As some of you know, I am a writer of sorts on a completely amateur level (meaning, I don't get paid, and never will). My writing consists entirely of drinking a beer, writing my thoughts down on that beer, and posting those thoughts to this website, a project of a friend of mine and I going on 13 years now. 13 years, and 1330 beers later (with about 6 of us doing all the writing...approximately 900 of those are mine).
On a rare occasion, a brewer or a beer marketing firm stumbles across our website, and decides this would be a cheap and easy way of marketing their product, so they contact us and offer up a free sample. We've had some pretty good brewers send us their beer, which always amazes me because we write reviews like this:
Mow the lawn on the hottest day of the year in flannel pajamas. When done, pour the sweat from your nutsack into a bottle, slap a label on it, and as Emeril would say, "BAM!" You have Bud Light.
Honestly, if I was marketing a beer, I don't think I would want to run the risk, even if I knew I had a flawless product, of letting my product get into the hands of someone so immature they would use the word "nutsack" in a beer review. Or, there are our reviews for Iron City Lager. I disliked that beer so much, I asked an Australian for advice on insults.
Now, for every review that dances across the thin line of Satire and Libel, there is one that inspires sycophantic praise that would simply make you feel embarrassed for me. So, maybe those are, by some freak chance, the ones these marketers are seeing. And, when they do, they somehow feel compelled to send me the best kind of beer on earth: Free Beer.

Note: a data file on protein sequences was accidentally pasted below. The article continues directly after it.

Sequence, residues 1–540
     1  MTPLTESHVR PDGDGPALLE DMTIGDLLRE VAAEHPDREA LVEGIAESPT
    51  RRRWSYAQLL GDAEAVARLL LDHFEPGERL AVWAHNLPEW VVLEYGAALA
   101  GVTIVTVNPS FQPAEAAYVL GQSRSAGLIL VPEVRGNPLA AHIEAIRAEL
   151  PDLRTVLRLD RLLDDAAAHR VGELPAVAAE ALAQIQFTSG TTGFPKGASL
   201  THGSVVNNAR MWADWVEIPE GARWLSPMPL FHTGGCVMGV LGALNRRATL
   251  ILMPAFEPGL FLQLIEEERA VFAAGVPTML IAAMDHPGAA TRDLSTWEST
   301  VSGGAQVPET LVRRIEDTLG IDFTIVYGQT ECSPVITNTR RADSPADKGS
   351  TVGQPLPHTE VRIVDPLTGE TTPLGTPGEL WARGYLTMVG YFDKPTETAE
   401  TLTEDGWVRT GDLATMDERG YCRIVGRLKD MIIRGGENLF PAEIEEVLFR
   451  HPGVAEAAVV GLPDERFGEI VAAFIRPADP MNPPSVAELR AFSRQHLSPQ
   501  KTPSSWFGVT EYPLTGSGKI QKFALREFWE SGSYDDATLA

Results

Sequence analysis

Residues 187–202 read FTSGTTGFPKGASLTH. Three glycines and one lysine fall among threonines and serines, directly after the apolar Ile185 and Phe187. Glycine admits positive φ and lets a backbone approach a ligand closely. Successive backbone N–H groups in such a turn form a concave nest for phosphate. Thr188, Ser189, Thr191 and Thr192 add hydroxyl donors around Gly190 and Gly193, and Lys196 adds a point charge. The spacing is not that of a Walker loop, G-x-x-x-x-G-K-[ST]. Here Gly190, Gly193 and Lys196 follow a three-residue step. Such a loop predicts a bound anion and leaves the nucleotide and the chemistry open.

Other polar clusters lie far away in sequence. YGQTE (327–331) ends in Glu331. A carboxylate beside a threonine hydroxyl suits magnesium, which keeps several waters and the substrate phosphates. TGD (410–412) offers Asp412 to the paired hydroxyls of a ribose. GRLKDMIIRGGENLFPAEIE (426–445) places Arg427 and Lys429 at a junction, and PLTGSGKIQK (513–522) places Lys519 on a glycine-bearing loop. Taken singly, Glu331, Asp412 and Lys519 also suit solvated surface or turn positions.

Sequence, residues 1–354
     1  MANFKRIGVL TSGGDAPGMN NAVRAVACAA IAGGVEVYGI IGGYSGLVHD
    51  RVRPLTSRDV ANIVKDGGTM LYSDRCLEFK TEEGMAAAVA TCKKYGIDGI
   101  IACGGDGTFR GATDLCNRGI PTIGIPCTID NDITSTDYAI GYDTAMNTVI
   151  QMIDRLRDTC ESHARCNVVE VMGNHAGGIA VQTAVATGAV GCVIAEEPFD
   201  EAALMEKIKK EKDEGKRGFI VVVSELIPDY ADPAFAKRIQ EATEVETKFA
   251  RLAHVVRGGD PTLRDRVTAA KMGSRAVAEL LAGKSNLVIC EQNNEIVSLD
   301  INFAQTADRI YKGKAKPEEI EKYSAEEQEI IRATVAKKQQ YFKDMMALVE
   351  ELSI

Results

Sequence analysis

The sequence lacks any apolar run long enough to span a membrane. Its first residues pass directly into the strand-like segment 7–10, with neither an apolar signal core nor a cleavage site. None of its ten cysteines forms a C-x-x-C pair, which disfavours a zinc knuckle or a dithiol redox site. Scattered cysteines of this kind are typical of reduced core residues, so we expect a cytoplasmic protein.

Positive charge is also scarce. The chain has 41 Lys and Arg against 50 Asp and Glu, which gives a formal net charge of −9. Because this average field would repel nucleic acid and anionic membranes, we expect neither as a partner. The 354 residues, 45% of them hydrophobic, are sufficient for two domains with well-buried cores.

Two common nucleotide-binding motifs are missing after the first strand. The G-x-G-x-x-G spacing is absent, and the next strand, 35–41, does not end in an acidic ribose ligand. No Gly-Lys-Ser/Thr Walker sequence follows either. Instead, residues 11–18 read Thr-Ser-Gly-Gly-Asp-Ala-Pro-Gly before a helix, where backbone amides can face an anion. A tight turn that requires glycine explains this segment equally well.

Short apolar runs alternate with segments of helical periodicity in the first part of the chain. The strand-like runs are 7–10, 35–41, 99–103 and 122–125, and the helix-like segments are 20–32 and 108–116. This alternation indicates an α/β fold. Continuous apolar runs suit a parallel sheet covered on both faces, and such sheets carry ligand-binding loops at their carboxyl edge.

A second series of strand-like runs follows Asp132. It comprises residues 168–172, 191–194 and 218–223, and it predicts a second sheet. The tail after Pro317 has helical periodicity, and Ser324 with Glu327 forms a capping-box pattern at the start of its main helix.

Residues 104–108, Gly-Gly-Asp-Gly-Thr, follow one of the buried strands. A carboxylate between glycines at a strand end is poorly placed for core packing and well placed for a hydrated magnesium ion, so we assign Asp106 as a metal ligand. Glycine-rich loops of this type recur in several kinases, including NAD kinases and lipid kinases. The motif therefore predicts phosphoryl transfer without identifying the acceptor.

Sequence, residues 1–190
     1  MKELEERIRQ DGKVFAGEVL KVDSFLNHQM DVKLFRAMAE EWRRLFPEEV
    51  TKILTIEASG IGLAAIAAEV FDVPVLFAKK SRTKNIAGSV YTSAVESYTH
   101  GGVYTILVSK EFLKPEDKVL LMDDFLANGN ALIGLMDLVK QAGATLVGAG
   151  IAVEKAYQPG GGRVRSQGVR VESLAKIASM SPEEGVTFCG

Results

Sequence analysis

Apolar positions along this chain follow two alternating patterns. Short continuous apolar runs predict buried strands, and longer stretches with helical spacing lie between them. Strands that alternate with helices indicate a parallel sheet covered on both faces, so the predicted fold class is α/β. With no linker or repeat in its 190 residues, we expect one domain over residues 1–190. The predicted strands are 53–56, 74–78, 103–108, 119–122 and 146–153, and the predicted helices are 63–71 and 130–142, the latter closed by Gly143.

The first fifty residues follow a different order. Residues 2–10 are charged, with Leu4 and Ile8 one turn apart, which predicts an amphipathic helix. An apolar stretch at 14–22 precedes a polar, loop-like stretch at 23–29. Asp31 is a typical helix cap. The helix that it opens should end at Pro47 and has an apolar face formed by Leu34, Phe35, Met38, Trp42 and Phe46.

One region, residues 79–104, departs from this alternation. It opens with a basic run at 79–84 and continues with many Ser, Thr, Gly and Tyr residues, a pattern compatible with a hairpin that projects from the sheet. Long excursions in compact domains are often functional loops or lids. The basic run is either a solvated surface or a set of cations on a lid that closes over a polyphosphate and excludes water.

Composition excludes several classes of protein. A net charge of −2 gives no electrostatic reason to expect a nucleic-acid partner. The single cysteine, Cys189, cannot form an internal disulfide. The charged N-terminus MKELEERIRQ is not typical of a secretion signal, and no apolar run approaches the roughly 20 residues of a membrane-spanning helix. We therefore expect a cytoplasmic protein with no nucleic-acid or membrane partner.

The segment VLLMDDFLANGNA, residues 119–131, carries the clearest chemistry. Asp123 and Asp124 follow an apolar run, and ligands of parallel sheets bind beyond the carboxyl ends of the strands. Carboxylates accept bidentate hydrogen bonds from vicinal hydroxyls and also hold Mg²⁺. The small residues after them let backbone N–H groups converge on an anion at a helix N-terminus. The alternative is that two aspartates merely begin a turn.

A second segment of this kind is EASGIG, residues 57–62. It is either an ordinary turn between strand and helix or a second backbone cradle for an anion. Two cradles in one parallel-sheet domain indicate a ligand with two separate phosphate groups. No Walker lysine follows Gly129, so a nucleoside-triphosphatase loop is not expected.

Unbeknownst to me, my friend that does all the production work on the website had been in touch with one such marketer, and he had given her my address as well when she offered to send us beer. So, it was with great surprise when I opened my front door to go out to get the morning newspaper and saw this box sitting outside (we often enter our house through our garage, so the box arrived the night before without our knowledge). I brought the box inside and took a boxcutter to the tape, praying I wouldn't find something horrible, like free samples of Christian music. Instead, upon opening the flaps, I saw this:
Sure, it looks like a box of beer coasters and a letter, but the key point here is the (hippie recycled) shredded cardboard packing. When you have that in a box, unless it's a joke birthday gift, that means there's precious cargo inside. I reached deep inside (I should've looked at the shipping label, for all I know this came from Australia and it was full of Redback spiders), and felt glass bottles. There were four of them, so I also figured it wasn't the ashes of deceased relatives (you never know what my mom will send in the mail). I pulled them out, one by one, and found these:
I always say that it's important to have a hobby. And as you can see, some hobbies can yield much cooler results than other hobbies. Well, warm at first, but after time in the fridge, cooler.